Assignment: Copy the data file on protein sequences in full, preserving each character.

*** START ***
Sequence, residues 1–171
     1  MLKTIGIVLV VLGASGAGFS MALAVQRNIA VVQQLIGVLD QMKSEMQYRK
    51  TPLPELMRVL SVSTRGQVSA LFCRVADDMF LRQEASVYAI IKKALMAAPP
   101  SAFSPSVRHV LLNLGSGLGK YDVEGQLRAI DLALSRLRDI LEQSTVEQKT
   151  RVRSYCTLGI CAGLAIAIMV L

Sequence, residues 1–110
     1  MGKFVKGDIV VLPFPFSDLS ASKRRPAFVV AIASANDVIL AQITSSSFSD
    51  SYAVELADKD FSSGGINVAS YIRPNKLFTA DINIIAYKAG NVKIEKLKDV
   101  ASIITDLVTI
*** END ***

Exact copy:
Sequence, residues 1–171
     1  MLKTIGIVLV VLGASGAGFS MALAVQRNIA VVQQLIGVLD QMKSEMQYRK
    51  TPLPELMRVL SVSTRGQVSA LFCRVADDMF LRQEASVYAI IKKALMAAPP
   101  SAFSPSVRHV LLNLGSGLGK YDVEGQLRAI DLALSRLRDI LEQSTVEQKT
   151  RVRSYCTLGI CAGLAIAIMV L

Sequence, residues 1–110
     1  MGKFVKGDIV VLPFPFSDLS ASKRRPAFVV AIASANDVIL AQITSSSFSD
    51  SYAVELADKD FSSGGINVAS YIRPNKLFTA DINIIAYKAG NVKIEKLKDV
   101  ASIITDLVTI